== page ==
Apex court upholds death penalty for multiple murdersApril 3rd, 2008 - 11:05 pm ICT by admin
New Delhi, April 3 (IANS) The Supreme Court has upheld the death penalty awarded to a youth who killed three teenaged siblings of his friend a decade ago despite living with them for four years like a family member. A bench of Justice P.P. Naolekar and Justice Lokeshwar Singh Panta ruled that enormous crimes like multiple murders must entail death sentence.
Ratifying the death sentence for Prajeet Kumar Singh of Bettiah town in West Champaran district of Bihar, the bench said: “The murder was committed for a motive which evinces total depravity and meanness”. It fell in the category of “the rarest of the rare” cases, fit for death penalty, it added.
The nine-page ruling of the apex court was delivered Wednesday but released Thursday.
In April 1998, Prajeet went berserk at the dead of the night at the place of his friend Prakash, slaughtering his younger brother Deepak, 16, sister Kiran, 15 and cousin Pooja, 8.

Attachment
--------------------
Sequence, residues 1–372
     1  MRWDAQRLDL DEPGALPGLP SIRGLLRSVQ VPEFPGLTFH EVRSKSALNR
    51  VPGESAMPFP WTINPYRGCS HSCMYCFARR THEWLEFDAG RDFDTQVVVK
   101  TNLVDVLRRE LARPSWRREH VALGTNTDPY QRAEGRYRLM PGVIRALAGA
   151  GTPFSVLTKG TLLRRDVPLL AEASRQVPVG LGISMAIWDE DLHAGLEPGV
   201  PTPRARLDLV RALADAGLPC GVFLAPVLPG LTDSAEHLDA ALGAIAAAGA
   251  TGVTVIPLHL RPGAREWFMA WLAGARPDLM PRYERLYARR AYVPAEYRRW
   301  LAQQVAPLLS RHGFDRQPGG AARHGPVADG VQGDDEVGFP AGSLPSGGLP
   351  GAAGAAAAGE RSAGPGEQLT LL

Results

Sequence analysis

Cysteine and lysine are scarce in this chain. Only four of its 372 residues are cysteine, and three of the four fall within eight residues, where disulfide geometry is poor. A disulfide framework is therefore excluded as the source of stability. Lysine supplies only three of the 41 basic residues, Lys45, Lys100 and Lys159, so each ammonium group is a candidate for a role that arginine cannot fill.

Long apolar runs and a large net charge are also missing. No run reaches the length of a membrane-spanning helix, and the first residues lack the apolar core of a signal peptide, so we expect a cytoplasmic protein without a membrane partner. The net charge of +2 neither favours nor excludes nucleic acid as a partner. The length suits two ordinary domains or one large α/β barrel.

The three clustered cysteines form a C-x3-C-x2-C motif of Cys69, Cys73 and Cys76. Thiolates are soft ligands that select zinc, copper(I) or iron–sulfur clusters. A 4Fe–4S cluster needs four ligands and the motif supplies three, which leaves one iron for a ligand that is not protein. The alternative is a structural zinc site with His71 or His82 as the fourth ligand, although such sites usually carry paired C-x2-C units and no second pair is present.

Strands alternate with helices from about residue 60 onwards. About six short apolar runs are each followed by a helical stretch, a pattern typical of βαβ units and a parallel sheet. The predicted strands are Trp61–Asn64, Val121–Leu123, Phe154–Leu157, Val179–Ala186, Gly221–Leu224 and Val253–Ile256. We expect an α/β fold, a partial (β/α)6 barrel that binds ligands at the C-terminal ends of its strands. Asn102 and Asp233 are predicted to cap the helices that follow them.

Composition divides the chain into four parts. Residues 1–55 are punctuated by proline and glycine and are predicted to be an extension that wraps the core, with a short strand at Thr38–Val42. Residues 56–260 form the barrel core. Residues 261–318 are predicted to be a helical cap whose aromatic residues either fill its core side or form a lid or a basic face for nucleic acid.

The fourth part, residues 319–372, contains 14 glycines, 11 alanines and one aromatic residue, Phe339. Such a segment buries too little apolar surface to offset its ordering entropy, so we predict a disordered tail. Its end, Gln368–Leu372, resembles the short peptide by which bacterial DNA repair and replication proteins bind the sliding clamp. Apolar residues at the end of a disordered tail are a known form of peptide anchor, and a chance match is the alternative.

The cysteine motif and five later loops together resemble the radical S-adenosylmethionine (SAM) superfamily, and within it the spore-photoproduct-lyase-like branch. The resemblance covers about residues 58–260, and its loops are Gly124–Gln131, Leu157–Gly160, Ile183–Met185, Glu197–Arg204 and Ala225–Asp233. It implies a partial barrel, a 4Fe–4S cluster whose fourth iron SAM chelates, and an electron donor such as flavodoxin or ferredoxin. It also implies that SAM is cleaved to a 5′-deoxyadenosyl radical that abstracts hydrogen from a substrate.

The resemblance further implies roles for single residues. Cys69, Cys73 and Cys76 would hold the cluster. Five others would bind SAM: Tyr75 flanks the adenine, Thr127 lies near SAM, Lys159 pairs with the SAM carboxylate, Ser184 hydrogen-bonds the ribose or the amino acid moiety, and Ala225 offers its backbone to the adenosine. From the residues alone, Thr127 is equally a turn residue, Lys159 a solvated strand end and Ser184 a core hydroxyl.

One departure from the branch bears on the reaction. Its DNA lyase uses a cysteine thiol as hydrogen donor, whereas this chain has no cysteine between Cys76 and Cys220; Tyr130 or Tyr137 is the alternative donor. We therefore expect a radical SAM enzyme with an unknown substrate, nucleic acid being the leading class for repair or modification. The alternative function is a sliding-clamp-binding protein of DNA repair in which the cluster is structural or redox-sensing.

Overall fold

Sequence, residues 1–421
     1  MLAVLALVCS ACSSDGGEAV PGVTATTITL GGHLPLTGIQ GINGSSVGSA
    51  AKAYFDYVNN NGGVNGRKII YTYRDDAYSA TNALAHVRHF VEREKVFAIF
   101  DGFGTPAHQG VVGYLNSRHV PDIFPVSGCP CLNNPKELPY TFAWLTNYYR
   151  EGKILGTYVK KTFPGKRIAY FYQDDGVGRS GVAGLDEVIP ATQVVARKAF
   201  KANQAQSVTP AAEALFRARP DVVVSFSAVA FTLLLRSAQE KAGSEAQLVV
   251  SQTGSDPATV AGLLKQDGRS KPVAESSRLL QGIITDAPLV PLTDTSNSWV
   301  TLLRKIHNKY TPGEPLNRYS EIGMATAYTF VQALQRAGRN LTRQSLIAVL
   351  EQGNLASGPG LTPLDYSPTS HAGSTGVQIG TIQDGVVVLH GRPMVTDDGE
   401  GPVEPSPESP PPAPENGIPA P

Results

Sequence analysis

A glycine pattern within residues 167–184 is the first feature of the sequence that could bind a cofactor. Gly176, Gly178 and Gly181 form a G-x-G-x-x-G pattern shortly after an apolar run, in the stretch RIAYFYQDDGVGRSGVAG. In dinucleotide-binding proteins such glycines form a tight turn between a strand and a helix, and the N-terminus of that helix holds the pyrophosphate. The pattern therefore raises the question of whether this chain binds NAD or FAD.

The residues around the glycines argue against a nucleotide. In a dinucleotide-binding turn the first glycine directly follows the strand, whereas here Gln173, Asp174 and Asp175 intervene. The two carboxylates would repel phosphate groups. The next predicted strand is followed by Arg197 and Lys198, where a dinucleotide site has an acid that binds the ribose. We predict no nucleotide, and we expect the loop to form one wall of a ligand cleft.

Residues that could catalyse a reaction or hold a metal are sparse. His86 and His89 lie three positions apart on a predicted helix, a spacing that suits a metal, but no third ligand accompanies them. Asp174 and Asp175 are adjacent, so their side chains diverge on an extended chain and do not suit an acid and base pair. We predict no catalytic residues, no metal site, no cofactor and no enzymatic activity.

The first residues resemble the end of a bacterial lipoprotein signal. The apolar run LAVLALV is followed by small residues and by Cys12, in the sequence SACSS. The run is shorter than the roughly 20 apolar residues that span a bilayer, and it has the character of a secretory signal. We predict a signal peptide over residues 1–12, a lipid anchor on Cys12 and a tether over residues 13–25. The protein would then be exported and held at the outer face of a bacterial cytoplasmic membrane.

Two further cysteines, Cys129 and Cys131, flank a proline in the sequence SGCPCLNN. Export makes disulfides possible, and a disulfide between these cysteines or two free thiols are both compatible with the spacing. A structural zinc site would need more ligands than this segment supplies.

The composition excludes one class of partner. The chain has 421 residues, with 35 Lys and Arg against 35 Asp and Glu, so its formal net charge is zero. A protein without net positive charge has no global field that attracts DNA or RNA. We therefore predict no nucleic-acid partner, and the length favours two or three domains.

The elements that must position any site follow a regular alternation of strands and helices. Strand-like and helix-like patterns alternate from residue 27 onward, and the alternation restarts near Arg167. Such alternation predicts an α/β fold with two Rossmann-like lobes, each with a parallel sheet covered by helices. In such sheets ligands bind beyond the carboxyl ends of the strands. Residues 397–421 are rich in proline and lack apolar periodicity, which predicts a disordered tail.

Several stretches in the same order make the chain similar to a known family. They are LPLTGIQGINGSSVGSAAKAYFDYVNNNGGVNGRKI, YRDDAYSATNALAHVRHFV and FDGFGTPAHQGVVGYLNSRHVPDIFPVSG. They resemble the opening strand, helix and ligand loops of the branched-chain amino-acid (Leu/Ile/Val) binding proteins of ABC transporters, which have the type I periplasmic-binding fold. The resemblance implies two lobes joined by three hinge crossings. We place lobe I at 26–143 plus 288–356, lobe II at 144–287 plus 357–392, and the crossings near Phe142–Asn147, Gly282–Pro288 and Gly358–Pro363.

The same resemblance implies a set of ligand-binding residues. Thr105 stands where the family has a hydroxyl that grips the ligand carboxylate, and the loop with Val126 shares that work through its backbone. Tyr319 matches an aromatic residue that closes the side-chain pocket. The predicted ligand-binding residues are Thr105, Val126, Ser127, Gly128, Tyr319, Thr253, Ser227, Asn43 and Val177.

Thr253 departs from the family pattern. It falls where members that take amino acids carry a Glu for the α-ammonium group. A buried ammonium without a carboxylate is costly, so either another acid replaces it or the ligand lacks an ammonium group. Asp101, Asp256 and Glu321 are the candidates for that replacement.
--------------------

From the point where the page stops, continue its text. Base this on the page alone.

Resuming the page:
In his slaying spree, he never thought for a moment that he was butchering the same people with whom he had been staying for four years as a family member for carrying out studies.
Though Prajeet was paying Rs.400 to his friend’s family for his stay and food, he had not paid it for months altogether, causing a due of Rs.4,000.
It was apparently a gentle reminder for payment of the dues from Prakash’s father that infuriated Prajeet and he went on to commit the killings.
While upholding the noose for Prajeet, the apex court bench said, “The enormity of the crime is writ large. He caused multiple murders and attacked three others.”
“The brutality of the act is amplified by the manner in which the attacks were made on all inmates of the house and in which the helpless victims were murdered,” the bench added.
“The brutality is indicative of the fact that the act was diabolic of the superlative degree in conception and cruel in execution and does not fall within any comprehension of the basic humanness, which indicates the mindset which cannot be said to be amenable for any reformation,” the judges said.
“In view of the aforesaid facts, we are of the view that there would be failure of justice in case death sentence is not awarded in the present case. The case falls in the category of the rarest of the rare cases. The Session Court and the High Court were justified in imposing death sentence on the accused,” the bench ruled.